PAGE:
Student teams in the course Monolithic Amplifier Circuits (EECS 413), Fall
2008, worked not only for good grades, but competed for prize money thanks
to the sponsorship of Analog Devices. The course is an introduction to CMOS
analog and mixed signal design, and students complete a major design project
through the course of the semester. Two teams of students took first and
second prize in the EECS 413 Design Contest.
Jeffrey Fredenburg, Eddie Hoskin, Nick
First place and $1,500 went to the team of Nick Collins, Jeffrey
Fredenburg, and Eddie Hoskin for their project, "Charge Pump Assisted
Class-AB Headphone Amplifier." At the time, all were undergraduate students
majoring in electrical engineering. The students designed an audio amplifier
for use in portable electronic devices (such as iPods or cell phones) to
drive low-impedance earbud-type headphones. Hoskin said the challenge was to
deliver significant power to the headphones, yet do so using a relatively
low-power source. Their design, pictured to the right, allowed them to
quadruple the available power with very little distortion.
Zeshan Ahmad, Khaled Al-Ashmouny, Kuo-Ken
Second prize and $500 was awarded to the team of Zeshan Ahmad, Khaled Al-Ashmouny,
and Kuo-Ken Huang for their project, "A 1-V, 900-nW Low-Noise Amplifiers for
Neural Recording Applications." All three are electrical engineering
graduate students studying Circuits and Microsystems. "Neural recording microsystems must operate at very low power in order to prevent tissue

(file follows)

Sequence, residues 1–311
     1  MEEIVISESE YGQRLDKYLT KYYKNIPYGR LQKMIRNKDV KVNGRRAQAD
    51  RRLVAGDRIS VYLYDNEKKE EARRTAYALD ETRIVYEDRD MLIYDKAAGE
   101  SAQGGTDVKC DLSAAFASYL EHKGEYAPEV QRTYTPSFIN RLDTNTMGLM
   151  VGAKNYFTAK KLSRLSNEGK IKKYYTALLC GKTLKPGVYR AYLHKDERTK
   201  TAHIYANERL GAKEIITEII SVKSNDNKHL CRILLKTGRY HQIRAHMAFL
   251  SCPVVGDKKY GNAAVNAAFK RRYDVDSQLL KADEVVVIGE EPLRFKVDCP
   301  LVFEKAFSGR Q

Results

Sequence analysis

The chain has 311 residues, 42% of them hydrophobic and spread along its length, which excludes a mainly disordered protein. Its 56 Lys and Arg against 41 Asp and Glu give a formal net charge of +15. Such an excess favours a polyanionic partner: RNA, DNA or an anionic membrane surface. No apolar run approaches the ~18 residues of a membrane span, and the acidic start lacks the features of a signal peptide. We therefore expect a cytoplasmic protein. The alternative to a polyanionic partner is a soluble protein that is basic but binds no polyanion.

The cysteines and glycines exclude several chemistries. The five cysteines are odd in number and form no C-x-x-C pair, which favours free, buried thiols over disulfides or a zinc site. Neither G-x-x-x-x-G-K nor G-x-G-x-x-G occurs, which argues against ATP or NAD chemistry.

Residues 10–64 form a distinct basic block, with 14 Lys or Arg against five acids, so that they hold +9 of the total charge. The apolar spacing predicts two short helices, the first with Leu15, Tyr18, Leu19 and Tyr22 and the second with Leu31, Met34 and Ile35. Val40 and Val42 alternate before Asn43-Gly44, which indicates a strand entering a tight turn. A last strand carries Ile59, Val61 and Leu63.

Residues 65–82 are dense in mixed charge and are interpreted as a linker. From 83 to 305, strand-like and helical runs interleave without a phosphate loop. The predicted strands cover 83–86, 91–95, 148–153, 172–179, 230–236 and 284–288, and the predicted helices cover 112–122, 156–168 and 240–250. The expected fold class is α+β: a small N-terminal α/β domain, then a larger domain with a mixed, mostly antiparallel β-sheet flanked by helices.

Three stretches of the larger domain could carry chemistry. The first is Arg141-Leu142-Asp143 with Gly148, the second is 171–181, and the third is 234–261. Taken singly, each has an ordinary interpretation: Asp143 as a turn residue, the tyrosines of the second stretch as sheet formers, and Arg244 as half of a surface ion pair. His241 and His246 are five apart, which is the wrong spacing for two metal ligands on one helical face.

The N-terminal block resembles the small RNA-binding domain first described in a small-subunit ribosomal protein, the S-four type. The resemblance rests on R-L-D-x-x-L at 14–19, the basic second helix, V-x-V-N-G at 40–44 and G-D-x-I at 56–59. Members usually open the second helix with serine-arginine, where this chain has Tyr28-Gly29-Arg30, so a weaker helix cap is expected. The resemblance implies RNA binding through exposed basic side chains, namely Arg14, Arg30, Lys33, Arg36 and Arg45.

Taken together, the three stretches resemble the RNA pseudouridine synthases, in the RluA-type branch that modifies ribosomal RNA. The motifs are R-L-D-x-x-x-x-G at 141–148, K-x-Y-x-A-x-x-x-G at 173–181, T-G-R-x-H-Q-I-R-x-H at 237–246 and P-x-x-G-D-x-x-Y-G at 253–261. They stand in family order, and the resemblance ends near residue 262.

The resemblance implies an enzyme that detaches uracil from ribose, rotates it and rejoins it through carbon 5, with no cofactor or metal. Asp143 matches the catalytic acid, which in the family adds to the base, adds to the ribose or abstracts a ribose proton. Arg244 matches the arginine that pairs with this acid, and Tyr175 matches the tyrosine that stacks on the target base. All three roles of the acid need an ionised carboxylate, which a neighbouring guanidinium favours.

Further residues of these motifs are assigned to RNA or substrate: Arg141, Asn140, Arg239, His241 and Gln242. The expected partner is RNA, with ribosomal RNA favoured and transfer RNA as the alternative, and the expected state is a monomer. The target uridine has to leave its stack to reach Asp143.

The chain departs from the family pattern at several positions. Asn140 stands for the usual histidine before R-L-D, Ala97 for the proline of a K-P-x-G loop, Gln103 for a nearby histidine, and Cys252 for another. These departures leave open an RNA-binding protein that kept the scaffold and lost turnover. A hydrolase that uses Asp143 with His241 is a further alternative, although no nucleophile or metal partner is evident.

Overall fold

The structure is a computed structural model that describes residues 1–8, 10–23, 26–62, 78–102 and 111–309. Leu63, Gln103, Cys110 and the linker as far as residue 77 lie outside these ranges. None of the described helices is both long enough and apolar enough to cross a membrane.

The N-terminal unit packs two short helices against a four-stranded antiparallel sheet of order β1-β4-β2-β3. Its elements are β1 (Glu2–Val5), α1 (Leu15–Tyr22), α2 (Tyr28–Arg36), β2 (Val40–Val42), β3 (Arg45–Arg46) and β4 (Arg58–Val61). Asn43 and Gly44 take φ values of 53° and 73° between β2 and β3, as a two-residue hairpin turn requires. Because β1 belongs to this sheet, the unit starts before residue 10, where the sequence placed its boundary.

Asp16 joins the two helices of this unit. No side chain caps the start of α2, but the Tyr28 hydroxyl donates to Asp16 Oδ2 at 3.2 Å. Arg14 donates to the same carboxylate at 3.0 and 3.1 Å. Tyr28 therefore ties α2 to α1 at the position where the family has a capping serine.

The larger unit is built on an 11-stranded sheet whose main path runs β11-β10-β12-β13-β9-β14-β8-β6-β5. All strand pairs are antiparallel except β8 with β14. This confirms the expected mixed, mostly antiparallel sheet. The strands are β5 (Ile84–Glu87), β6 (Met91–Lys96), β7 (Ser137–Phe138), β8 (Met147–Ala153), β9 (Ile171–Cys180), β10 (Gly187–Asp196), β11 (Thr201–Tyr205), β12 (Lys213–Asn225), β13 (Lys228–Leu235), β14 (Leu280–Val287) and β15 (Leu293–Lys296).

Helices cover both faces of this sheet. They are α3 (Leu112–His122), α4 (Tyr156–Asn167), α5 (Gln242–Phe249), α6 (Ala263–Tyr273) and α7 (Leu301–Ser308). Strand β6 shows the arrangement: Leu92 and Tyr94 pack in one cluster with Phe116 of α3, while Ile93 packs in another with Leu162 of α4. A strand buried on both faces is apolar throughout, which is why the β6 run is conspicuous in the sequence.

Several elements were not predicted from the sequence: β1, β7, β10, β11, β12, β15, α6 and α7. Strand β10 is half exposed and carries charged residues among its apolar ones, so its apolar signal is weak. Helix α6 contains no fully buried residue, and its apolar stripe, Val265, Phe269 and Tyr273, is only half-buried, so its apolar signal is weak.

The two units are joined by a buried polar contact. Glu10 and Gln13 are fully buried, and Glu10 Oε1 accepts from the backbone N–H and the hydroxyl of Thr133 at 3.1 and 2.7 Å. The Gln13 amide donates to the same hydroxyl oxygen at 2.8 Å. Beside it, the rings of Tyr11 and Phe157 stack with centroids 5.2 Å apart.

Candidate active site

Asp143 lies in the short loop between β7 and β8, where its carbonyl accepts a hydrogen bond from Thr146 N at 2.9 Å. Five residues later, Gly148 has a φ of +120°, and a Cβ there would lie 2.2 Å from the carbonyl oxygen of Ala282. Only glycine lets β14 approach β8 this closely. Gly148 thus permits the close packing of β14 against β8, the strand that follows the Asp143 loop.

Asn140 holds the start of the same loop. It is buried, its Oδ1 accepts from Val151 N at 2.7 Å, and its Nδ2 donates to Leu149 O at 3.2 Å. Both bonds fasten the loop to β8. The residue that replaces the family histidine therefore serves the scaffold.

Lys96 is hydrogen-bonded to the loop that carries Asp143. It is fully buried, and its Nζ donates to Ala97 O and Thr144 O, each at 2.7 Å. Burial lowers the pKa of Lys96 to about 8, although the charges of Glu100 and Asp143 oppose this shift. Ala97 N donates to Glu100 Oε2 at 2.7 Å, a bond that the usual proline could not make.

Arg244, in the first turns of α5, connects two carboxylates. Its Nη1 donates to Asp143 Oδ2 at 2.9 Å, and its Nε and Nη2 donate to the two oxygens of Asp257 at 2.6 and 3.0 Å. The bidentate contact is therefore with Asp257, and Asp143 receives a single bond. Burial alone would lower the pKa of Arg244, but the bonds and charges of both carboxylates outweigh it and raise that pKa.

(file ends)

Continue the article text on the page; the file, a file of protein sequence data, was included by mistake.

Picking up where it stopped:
heating which damages the brain cells (neurons), explains Al-Ashmouny. We
designed an energy efficient low-noise nano-power amplifier that will enable
the recording of thousands of simultaneous neural activities without heating
or damaging brain tissue." Their design will also allow neuroscientists to
shrink the size of the probes while multiplying their number, thereby safely
increasing the amount of information they can gain. The students are
interested in commercializing their work.
"It's amazing what the groups design in a short time, said
Prof. Mike Flynn.
Flynn regularly seeks sponsorship from industry to give students added
incentive in the course. It also allows industry to see what the students
are doing. Fredenburg said "it was exciting to see all of
the other excellent presentations and know one would win."
EECS 413 is a major design experience course for undergraduate
students, or can be taken for regular credit by graduate students. All
designs are implemented in a commercial 0.25μm CMOS process, and are aided
by a full suite of industrial-grade CAD tools from Cadence.